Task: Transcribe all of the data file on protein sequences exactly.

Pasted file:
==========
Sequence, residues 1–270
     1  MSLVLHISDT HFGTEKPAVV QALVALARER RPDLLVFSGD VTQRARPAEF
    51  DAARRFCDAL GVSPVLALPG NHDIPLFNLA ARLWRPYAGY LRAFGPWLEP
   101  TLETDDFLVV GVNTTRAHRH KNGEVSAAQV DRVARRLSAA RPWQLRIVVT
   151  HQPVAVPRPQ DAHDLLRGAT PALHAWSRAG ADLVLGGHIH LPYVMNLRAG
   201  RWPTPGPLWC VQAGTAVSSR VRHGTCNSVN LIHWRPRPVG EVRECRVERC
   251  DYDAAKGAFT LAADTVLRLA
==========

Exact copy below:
Sequence, residues 1–270
     1  MSLVLHISDT HFGTEKPAVV QALVALARER RPDLLVFSGD VTQRARPAEF
    51  DAARRFCDAL GVSPVLALPG NHDIPLFNLA ARLWRPYAGY LRAFGPWLEP
   101  TLETDDFLVV GVNTTRAHRH KNGEVSAAQV DRVARRLSAA RPWQLRIVVT
   151  HQPVAVPRPQ DAHDLLRGAT PALHAWSRAG ADLVLGGHIH LPYVMNLRAG
   201  RWPTPGPLWC VQAGTAVSSR VRHGTCNSVN LIHWRPRPVG EVRECRVERC
   251  DYDAAKGAFT LAADTVLRLA